Have you ever had a refreshing bath with bubbles or bath salts? What if you could use chemistry to create a bath-time treat that incorporated both fizzing bubbles and soothing salts? Such a combination does exist, and it's called a bath bomb. If you have never experienced one, these "bombs" become fizzy when they touch the water. Why? It is due to a chemical reaction taking place between different ingredients within the bath bomb.
Make homemade bath bombs and explore how changing the amounts of the different ingredients affects the fizziness of the bath bombs. This article talks about the equations that the bath bomb uses, like: NaHCO3+C6H8O7→CO2+H2O+Na3C6H5O7, which uses all of the matter states except for plasma (and yes, plasma is a state of matter) this also talks about how COOL bath bombs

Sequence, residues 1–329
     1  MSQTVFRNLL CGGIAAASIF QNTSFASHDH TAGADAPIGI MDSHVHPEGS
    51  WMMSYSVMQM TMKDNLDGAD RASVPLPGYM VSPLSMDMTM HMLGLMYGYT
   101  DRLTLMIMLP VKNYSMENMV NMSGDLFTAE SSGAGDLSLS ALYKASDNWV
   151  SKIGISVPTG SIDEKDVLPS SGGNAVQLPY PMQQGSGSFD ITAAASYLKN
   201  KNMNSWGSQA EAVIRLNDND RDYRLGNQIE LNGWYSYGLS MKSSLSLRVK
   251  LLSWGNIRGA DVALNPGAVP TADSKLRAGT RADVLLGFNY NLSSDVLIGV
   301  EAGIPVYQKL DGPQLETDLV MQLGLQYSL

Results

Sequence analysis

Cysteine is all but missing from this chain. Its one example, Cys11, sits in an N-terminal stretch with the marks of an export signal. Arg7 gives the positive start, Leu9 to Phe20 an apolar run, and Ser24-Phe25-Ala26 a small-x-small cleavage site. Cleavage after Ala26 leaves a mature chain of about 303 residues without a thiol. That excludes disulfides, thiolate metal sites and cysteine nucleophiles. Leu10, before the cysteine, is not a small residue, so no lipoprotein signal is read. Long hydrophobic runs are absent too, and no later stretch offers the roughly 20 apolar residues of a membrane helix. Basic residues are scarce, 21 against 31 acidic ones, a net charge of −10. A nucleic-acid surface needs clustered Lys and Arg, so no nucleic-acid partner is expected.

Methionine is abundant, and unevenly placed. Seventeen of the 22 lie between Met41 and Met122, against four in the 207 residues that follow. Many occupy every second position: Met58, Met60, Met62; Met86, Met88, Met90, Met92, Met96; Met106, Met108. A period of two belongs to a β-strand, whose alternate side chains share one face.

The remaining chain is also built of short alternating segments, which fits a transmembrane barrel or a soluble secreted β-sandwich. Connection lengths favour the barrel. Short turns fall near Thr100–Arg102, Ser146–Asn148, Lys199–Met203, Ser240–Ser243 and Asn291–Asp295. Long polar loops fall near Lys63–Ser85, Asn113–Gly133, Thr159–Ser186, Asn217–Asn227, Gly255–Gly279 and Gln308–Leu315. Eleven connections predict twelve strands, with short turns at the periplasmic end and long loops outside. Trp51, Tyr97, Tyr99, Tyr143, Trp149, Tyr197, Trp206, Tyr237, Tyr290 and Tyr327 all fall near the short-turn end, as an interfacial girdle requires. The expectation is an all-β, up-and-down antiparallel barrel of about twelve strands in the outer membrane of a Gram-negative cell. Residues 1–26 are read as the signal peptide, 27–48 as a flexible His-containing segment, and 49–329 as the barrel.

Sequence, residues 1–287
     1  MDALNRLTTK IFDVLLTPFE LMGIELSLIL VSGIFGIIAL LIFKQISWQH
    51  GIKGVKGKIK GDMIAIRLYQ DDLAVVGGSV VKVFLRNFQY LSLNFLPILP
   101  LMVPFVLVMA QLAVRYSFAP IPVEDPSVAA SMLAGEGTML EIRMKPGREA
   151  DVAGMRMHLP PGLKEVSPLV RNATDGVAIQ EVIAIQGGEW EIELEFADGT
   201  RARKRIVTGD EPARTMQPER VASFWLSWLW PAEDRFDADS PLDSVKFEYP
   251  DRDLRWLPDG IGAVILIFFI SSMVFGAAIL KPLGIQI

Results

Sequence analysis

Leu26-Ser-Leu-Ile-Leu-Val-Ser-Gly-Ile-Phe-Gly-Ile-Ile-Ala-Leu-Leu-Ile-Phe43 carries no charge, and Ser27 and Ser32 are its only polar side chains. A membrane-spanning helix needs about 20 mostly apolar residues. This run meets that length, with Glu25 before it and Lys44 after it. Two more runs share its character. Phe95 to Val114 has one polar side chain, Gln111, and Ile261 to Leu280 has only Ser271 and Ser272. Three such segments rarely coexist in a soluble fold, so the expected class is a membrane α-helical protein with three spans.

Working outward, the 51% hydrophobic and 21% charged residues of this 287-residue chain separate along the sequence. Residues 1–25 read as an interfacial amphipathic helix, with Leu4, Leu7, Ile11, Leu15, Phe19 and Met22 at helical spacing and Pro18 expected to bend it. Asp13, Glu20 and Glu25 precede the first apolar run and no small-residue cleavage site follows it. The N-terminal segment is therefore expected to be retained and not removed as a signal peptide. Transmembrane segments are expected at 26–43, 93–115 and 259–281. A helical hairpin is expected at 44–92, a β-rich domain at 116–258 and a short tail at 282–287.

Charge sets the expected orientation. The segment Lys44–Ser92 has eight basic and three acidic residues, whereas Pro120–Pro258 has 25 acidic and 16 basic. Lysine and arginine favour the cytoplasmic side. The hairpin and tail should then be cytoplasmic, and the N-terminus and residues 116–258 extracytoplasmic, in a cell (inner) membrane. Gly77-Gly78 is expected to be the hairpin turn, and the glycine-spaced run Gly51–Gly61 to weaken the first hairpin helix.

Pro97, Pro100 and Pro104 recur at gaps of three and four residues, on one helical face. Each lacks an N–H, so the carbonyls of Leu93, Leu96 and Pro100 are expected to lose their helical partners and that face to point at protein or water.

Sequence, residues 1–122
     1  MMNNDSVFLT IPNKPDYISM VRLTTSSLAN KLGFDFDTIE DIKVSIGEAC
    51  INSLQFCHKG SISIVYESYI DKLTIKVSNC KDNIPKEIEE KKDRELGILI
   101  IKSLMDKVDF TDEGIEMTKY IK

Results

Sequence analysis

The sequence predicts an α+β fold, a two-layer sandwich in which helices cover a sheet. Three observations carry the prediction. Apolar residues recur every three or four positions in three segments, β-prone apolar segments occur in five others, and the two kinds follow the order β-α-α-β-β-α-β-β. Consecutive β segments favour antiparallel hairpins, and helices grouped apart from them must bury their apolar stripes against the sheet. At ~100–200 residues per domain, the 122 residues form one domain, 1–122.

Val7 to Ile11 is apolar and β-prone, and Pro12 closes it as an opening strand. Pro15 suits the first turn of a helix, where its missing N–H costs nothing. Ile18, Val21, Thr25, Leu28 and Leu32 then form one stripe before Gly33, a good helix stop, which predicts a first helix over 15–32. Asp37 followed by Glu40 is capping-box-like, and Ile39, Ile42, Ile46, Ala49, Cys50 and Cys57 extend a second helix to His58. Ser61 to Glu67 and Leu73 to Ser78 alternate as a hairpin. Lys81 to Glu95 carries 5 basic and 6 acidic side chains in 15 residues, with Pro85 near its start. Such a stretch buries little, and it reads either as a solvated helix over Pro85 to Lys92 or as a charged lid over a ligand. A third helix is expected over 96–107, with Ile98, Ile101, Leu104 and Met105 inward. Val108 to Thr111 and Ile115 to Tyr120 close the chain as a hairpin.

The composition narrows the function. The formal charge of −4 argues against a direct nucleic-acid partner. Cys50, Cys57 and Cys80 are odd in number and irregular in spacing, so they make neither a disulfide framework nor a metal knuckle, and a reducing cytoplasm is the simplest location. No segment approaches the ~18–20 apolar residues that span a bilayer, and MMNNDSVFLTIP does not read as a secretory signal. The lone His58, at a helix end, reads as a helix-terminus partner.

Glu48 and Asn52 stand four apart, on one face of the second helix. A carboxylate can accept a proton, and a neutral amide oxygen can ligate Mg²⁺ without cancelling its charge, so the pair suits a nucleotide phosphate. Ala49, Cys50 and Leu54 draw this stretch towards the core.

If chemistry were compared to a sport, then the study of atomic and molecular properties, along with learning about the elements and how they relate on the periodic table, would be like going to practice. Learning about chemical reactions, which includes observing them and sometimes producing them in a laboratory situation, is like stepping out onto the field for the game itself.
Chemicals are in everything we see, and the reactions between them can look like anything from rust on a spoon to an explosion on your stovetop. But why do these reactions happen in the first place? This video teaches you why chemical reactions happen. basically, it is a ted talk about chemicals!
These modules explores the variety of chemical reactions by grouping them into general types. type A (single module), type B (double module), and type C (triple module). scientist´s use these types of modules to create different chemical reactions.